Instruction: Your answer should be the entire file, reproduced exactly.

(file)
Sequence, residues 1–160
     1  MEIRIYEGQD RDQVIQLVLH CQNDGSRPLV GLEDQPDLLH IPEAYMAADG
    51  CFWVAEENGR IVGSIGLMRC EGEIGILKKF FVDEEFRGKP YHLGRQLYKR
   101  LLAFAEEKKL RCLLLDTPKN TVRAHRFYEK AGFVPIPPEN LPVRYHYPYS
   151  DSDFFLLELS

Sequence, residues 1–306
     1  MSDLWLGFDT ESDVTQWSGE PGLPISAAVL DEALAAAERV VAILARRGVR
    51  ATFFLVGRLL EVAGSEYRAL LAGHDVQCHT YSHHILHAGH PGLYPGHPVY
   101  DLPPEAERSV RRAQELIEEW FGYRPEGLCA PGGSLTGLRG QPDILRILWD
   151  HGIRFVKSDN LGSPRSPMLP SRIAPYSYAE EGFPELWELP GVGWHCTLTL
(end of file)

Sequence, residues 1–160
     1  MEIRIYEGQD RDQVIQLVLH CQNDGSRPLV GLEDQPDLLH IPEAYMAADG
    51  CFWVAEENGR IVGSIGLMRC EGEIGILKKF FVDEEFRGKP YHLGRQLYKR
   101  LLAFAEEKKL RCLLLDTPKN TVRAHRFYEK AGFVPIPPEN LPVRYHYPYS
   151  DSDFFLLELS

Sequence, residues 1–306
     1  MSDLWLGFDT ESDVTQWSGE PGLPISAAVL DEALAAAERV VAILARRGVR
    51  ATFFLVGRLL EVAGSEYRAL LAGHDVQCHT YSHHILHAGH PGLYPGHPVY
   101  DLPPEAERSV RRAQELIEEW FGYRPEGLCA PGGSLTGLRG QPDILRILWD
   151  HGIRFVKSDN LGSPRSPMLP SRIAPYSYAE EGFPELWELP GVGWHCTLTL